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By E. Ethelbert Miller
On March 3, 1995, I ran into Toni Cade Bambara. She was walking down the street near DuPont Circle (Washington, D.C.). I always admired this woman, and here she was sharing the sidewalk with me. Toni was the type of woman who could stop traffic. I think she was in town to listen to Toni Morrison (the recent Nobel Prize winner) give a talk on the campus of Howard University. I told her Morrison was probably already speaking, and Toni immediately decided we should just get some lunch. We can all be “Nobel,” can’t we? I remember this day, because she signed my autograph book. I had started carrying a Jacob Lawrence “Blank Book” and having writers sign something—a statement about our friendship or simply whatever came into their heads the moment I stopped them.
Toni wrote one of the longest entries. In it, she mentioned how she had once kept a similar book. In typical T-fashion, she said in her book people said anonymous nasty things about folks—and it was all big fun.
When I remember Toni Cade Bambara, I always think of a person who made me laugh until my belly ached. June Jordan did the same thing. I suspect our fingerprints were related. Along with these poet sisters being fierce—there was something beautiful about their wit and passion for life. In many ways, Toni was a visionary. I felt the first line of The Salt Eaters was the most prophetic thing any African American writer ever said.
Are you sure, sweetheart, that you want to be well?
These words were spoken by the healer Minnie Ransom to Velma Henry. This is a question we should ask ourselves today. We tend to be trapped within a non-changing racial narrative. How long must we view ourselves as victims? Don’t we want to be well? It seems we know what the historical diagnosis is; how dreadful slavery and legal segregation was. African American leaders keep proclaiming what Baraka saw in our music—“the changing same.” We seem stuck in race matters without a clue as to what medicine we should take.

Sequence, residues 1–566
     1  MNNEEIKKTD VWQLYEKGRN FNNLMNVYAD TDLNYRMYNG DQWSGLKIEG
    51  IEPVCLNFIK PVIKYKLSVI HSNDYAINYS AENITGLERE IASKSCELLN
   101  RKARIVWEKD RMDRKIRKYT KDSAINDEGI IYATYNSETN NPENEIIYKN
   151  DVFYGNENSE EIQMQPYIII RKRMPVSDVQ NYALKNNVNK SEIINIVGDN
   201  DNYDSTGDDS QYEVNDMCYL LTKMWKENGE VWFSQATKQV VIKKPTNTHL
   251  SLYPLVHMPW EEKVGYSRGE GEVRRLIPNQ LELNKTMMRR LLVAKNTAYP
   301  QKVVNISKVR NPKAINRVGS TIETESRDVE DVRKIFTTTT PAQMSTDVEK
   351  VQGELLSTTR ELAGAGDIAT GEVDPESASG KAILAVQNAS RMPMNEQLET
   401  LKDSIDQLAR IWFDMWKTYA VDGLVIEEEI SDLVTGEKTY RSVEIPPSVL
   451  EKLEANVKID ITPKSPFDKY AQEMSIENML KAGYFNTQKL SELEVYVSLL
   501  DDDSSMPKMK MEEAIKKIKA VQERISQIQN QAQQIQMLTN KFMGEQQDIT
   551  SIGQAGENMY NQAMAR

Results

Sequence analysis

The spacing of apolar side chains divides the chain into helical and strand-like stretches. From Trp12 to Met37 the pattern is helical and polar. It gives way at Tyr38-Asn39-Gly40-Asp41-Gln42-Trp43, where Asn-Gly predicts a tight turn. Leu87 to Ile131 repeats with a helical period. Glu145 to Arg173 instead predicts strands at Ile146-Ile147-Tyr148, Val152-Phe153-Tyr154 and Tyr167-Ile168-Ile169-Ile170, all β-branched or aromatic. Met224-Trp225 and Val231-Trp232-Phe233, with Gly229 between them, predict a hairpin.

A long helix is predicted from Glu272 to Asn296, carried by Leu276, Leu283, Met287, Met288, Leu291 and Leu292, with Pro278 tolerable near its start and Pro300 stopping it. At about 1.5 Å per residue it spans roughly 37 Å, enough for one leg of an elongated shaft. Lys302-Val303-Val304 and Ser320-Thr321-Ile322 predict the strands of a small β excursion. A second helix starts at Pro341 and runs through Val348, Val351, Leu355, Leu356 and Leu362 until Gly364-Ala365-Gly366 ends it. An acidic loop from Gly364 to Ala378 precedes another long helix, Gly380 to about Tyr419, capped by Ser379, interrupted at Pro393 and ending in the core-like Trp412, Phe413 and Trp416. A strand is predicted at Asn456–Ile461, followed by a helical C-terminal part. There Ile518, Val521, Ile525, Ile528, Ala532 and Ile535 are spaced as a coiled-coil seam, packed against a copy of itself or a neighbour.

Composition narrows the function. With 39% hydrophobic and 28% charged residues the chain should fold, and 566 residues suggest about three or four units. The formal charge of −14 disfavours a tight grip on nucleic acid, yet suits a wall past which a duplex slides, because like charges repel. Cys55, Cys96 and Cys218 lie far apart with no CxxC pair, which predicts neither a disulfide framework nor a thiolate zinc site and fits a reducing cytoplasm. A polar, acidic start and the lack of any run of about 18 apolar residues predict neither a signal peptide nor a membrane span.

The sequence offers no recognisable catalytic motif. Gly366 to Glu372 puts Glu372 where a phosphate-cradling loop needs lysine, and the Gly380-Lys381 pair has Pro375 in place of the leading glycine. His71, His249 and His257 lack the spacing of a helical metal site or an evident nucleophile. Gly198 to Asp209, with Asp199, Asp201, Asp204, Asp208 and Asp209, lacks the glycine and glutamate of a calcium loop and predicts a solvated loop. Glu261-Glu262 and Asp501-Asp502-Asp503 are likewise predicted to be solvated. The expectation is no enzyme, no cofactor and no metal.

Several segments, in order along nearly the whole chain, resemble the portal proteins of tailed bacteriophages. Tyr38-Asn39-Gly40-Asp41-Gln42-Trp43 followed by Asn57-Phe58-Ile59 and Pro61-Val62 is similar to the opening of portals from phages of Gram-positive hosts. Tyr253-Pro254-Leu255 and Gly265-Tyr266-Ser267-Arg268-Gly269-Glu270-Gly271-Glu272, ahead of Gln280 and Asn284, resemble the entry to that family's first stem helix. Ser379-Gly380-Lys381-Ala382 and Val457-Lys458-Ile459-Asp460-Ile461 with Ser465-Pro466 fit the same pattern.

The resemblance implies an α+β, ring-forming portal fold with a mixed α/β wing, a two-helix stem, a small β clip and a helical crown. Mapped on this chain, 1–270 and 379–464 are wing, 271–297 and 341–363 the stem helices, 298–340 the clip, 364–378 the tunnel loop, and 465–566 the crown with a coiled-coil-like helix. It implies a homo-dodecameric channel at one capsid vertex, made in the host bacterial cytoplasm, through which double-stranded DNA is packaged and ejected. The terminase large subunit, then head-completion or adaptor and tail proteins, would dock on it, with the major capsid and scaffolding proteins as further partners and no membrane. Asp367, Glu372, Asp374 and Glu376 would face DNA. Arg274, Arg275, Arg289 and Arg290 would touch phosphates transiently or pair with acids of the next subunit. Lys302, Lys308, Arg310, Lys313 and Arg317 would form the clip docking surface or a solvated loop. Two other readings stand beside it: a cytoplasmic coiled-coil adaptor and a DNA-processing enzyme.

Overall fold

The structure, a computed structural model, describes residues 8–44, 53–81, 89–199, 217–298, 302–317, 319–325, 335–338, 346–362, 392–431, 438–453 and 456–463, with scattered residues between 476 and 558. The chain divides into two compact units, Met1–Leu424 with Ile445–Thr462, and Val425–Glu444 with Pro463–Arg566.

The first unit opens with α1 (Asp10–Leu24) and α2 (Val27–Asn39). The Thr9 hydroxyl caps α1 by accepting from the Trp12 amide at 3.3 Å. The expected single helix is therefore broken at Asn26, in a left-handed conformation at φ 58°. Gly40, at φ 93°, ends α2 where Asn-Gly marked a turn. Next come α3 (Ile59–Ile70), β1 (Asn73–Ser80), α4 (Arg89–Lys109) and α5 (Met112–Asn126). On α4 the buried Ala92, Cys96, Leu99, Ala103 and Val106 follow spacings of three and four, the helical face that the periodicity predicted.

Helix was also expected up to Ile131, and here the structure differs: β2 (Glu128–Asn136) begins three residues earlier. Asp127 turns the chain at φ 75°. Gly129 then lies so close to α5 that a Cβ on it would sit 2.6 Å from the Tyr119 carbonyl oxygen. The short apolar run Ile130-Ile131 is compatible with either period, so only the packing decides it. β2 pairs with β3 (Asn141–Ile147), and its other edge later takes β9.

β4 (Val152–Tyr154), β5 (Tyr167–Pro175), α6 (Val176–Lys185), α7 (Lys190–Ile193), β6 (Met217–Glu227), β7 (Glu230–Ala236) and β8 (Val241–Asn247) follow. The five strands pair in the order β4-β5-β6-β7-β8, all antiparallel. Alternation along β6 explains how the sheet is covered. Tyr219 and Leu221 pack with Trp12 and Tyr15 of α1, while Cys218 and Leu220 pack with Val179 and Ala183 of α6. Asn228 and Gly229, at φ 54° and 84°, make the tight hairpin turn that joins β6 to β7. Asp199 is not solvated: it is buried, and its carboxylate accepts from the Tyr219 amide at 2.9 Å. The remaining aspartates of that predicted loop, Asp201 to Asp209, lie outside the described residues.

I remember talking to the African American literary critic Arthur P. Davis shortly after The Salt Eaters was published—so it must have been around 1980 or 1981. Davis so much the southern gentleman simply couldn’t grasp the structure and tone of Bambara’s first novel. Some of Bambara’s work is blueprints for activism and global thinking. Was she ahead of her time? How is she remembered today?
Back in 1997, I placed the portrait of Toni Cade Bambara on a stamp coming out of Ghana. It was a project I coordinated with Inter-Governmental Philatelic Corporation in New York. Some of the other writers I selected were, Richard Wright, Zora Neale Hurston, Alex Haley, and Maya Angelou. I saw them all as being great writers of the 20th century. The postage stamps were issued to promote literacy in emerging nations. Along with Ghana, Uganda also agreed to print stamps with the images of famous African American writers.
Bambara had a direct influence on my own work. It was at the National Conference of African American writers held on the campus of Howard University in 1974 that she read her short story “Gorilla, My Love.” I fell in love with her voice, its cadence capturing the sound of young people. It was like hearing Charlie Parker playing “Cherokee” for the first time. My ears were never the same. When I wrote my “Omar” poems, and presented a young Muslim boy on the page, it was an outgrowth of having listening to Toni. Present in all the “Omar” poems is the humor and the moral courage Bambara instilled in her child characters. I wanted my voice to dance with Big Brood and Baby Jason. Call me—Hunca Bubba.
Toni, my love—I miss you terribly.
E. Ethelbert Miller
September 24, 2014
E. Ethelbert Miller is a writer and literary activist. He is board chair of the Institute for Policy Studies and the director of the African American Resource Center at Howard University. He has published several collections of poetry and two memoirs. Mr. Miller is often heard on National Public Radio.